Anyway, in amidst her hectic schedule of promoting her soon-to-be-released memoir and the film, Robyn who is now 62, very kindly agreed to answer a few questions.

 

What would you say to women over 50 who might have lost their Mojo?

“It’s the best time of your life.  You can start a career, go to school, wander, eat what you want, and you have time to read.  Curiosity is the only thing you need.”

 

 On getting older

“As you get older your idealism gets tempered somewhat – I’m not quite so cranky. I make sure I have time for myself and have time for solitude and to think deeply about life, and why we are doing it.”

 

What are you passionate about?

“I am curious about everything and I want to know everything,  especially science.  How could one ever get bored?   I have educated myself to Ph.D. level by listening to every neuro-scientist lecture I can find.  Podcasts are wonderful for that sort of thing.”

 

So why as a young girl did you do the trek across the desert?

“At the crux of it all was that I wanted to see what I was capable of and it’s extraordinary that you are so much more capable than you imagine. “

 

You have traveled with nomads in India and made a life in India. Why do you love India?

“I don’t love living in India, I find it incredibly difficult and demanding.  But being there gives me a healthy perspective on the ease and privilege of my life.  Outrageous privilege, outrageous ease.  We should all wake in the morning with a feeling of gratitude for our luck.  Even the bad luck, sometimes.”

 

Robyn at the Writers’ Fest

During the session at the Writer’s Festival, Robyn was interviewed by Victoria Laurie about her memoir which she said centres around her mother. She was only 11 when her mother committed suicide, “So it’s my story, but my mother in me,” she said. “I’m plagued with the question of ‘why did I do the trek’, and the memoir is to reclaim the notion of the complexity of things that makes anyone do anything.”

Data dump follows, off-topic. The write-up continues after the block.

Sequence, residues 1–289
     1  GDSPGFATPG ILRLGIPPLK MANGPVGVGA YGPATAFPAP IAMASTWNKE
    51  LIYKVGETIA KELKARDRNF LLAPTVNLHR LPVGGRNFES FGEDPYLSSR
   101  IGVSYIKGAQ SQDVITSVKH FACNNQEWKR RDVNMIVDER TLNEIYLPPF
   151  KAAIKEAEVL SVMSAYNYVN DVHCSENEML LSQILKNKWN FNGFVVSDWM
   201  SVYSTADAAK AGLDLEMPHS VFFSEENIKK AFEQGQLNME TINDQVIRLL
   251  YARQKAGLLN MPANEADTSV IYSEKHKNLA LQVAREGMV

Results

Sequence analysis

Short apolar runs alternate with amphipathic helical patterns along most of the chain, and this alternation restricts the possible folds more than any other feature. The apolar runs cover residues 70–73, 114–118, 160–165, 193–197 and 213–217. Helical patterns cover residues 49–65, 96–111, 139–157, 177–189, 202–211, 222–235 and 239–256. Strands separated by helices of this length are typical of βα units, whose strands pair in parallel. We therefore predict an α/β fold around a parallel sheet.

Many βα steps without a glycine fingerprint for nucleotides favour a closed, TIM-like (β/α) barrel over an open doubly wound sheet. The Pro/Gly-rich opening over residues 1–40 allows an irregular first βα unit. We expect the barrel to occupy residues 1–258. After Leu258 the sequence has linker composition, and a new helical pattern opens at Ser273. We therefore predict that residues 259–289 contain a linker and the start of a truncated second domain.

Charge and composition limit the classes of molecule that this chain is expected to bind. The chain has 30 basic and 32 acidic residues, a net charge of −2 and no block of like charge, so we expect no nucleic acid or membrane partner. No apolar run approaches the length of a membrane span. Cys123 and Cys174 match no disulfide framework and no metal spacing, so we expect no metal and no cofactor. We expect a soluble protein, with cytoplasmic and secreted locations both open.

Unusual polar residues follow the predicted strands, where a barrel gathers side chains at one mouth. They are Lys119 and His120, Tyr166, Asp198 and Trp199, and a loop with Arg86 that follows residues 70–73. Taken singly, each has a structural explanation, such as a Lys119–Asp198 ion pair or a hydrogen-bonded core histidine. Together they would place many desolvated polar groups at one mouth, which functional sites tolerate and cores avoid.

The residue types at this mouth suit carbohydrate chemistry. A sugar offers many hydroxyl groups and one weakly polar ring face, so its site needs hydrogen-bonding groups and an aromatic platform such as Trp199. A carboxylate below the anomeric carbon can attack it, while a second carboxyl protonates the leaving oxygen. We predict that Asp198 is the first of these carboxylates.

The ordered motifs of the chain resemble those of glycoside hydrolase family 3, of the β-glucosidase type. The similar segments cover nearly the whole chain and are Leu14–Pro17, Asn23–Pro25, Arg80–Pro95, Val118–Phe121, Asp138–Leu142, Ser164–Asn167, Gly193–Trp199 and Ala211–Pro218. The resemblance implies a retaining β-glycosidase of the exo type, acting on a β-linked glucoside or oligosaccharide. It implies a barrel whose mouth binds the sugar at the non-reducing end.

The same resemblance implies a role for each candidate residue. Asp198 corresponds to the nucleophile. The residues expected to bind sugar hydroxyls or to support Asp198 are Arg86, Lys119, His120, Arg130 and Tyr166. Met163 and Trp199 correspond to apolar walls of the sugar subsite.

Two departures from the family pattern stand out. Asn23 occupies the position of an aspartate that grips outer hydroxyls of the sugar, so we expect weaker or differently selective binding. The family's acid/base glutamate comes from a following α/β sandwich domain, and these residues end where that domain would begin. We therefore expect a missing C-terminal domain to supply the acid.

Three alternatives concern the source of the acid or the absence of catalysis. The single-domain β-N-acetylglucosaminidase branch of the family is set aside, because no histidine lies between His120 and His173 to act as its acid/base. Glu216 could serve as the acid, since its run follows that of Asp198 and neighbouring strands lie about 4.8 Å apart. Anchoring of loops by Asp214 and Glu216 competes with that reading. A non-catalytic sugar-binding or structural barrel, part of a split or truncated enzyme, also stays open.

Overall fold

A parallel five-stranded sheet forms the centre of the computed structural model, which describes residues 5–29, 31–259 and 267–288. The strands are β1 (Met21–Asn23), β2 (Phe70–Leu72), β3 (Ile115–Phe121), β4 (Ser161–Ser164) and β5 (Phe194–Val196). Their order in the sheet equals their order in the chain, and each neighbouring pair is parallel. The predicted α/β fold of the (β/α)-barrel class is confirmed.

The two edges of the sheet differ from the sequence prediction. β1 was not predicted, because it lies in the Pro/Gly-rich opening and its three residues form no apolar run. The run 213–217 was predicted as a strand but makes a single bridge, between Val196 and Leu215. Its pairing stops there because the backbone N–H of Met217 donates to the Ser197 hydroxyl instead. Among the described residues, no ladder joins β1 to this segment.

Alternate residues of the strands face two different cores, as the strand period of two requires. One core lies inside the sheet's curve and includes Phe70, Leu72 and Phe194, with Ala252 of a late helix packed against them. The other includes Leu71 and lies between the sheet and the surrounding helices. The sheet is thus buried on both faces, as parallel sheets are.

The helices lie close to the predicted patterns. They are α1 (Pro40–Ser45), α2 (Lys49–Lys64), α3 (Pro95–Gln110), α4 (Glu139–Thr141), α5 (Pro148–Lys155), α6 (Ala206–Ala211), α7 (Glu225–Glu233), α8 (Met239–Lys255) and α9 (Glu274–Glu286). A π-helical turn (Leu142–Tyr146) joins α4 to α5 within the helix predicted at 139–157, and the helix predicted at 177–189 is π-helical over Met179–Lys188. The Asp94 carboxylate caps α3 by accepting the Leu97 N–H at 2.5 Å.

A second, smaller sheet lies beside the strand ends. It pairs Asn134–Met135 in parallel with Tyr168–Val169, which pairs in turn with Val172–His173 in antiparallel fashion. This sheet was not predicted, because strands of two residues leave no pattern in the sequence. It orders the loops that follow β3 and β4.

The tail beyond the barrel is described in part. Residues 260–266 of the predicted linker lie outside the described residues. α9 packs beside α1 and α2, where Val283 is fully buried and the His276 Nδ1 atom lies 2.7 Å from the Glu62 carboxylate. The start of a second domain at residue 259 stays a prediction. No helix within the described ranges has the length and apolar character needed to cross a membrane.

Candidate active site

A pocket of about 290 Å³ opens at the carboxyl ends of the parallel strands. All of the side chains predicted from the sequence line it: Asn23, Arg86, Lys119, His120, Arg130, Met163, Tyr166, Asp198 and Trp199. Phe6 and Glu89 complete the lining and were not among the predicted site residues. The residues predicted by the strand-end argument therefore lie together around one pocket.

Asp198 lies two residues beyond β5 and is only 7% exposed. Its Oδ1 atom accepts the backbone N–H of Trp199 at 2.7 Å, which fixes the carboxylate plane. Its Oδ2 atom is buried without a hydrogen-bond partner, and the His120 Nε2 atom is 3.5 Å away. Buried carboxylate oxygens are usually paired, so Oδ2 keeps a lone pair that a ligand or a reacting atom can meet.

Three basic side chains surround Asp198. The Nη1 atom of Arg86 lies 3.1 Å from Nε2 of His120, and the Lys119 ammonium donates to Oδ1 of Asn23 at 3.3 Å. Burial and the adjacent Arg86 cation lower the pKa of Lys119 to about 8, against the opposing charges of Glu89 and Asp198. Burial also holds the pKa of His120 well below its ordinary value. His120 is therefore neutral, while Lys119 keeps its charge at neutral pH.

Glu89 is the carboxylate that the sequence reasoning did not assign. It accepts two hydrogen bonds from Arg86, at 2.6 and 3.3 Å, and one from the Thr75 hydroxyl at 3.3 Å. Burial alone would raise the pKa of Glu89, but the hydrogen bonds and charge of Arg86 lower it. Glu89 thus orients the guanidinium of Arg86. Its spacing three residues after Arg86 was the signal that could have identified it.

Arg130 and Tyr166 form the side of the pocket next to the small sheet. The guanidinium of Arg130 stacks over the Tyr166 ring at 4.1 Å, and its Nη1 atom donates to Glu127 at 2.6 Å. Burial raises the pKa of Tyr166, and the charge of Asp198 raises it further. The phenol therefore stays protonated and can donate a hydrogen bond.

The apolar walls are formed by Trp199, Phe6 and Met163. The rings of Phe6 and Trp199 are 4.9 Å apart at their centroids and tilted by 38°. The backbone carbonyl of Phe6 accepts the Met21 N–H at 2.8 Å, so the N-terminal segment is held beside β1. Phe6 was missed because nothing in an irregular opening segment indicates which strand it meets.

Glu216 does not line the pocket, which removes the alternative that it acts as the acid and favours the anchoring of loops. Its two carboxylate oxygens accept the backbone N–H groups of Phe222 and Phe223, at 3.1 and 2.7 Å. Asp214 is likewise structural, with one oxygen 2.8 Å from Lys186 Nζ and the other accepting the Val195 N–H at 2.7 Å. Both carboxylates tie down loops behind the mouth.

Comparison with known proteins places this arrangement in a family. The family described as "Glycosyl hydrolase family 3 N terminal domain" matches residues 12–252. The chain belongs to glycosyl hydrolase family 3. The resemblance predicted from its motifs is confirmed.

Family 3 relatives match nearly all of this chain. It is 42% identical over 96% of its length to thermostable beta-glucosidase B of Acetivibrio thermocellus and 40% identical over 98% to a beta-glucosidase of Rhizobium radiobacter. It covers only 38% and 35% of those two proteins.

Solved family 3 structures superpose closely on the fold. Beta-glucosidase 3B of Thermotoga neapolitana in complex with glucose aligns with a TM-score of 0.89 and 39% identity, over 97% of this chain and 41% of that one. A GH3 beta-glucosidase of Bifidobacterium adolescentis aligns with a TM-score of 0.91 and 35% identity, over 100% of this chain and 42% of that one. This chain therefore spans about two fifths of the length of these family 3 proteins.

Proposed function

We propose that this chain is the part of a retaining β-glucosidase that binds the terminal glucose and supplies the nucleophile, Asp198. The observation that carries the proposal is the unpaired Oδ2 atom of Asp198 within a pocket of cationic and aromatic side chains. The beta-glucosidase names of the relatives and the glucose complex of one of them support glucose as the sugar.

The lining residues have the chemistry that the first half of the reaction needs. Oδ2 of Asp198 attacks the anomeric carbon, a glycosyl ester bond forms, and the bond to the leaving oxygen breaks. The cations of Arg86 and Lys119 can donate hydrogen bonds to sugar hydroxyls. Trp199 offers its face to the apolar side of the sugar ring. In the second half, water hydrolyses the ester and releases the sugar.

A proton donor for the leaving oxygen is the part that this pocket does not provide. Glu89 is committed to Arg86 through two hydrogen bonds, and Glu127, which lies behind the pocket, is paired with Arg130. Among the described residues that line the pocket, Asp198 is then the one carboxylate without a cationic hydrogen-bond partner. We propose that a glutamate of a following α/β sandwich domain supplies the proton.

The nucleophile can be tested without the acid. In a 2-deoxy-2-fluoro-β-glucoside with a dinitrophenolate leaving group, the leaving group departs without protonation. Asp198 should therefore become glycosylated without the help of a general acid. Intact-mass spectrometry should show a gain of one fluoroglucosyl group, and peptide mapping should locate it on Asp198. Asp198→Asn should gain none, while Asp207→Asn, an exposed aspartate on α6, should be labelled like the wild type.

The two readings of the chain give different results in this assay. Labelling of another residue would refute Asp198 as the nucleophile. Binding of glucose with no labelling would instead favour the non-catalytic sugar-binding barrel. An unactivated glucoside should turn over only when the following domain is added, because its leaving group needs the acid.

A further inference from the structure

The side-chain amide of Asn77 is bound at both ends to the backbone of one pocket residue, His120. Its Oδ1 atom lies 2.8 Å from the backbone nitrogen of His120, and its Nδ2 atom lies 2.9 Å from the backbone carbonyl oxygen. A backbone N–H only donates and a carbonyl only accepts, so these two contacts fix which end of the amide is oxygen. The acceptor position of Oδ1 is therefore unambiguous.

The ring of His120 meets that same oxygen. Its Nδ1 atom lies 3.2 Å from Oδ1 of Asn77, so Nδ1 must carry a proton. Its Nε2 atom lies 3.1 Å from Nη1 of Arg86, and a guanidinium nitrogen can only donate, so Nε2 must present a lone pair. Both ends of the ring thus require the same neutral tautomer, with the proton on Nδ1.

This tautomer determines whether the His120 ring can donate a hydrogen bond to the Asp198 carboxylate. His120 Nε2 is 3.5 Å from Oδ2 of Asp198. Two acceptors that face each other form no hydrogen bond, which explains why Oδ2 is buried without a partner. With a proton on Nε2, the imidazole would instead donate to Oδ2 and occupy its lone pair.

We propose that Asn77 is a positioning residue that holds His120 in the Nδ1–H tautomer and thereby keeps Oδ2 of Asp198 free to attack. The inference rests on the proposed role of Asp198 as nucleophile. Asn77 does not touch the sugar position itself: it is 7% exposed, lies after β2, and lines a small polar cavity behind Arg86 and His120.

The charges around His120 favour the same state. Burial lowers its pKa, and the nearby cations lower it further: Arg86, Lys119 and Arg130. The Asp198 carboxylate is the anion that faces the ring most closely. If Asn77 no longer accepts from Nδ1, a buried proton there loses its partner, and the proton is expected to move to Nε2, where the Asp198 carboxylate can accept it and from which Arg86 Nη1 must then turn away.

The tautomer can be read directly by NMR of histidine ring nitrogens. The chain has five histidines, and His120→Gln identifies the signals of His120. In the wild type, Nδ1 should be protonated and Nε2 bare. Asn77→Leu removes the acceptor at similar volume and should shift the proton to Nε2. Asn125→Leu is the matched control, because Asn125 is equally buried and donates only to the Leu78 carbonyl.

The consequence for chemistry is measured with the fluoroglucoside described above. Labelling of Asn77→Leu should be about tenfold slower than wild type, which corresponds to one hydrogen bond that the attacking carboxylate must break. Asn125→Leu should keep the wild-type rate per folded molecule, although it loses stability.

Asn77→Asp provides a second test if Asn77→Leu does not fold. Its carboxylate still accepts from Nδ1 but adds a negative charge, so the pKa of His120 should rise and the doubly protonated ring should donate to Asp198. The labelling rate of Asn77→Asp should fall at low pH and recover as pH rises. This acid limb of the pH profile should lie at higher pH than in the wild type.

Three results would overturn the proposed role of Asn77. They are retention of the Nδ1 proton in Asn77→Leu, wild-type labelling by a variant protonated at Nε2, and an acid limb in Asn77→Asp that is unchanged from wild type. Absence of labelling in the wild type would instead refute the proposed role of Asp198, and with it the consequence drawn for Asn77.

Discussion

The book was written in a cold London flat

Robyn wrote Tracks two years after completing the trek and admits to having no notes written down when she began. “But I remembered everything and I think this was because I was so present at the time (of the trek). I wrote the book in a cold, dingy flat in London reliving desert sunsets by memory. Memory is so slippery and in fact an imaginative act -when you revisit a memory your mind has done something to that memory.”

 

Country girl

Raised in the country (Queensland) Robyn says she had access to the world around her but in a different way. “I’m always aware of east south, north and west, and I get fazed in a city. I was raised as a girl, but I learnt about the outdoors from just hanging around my dad, although it was assumed I would be an indoors ‘feminise’d’ creature. But then my Mother was undone by expectations of what it was to be a woman in those days.”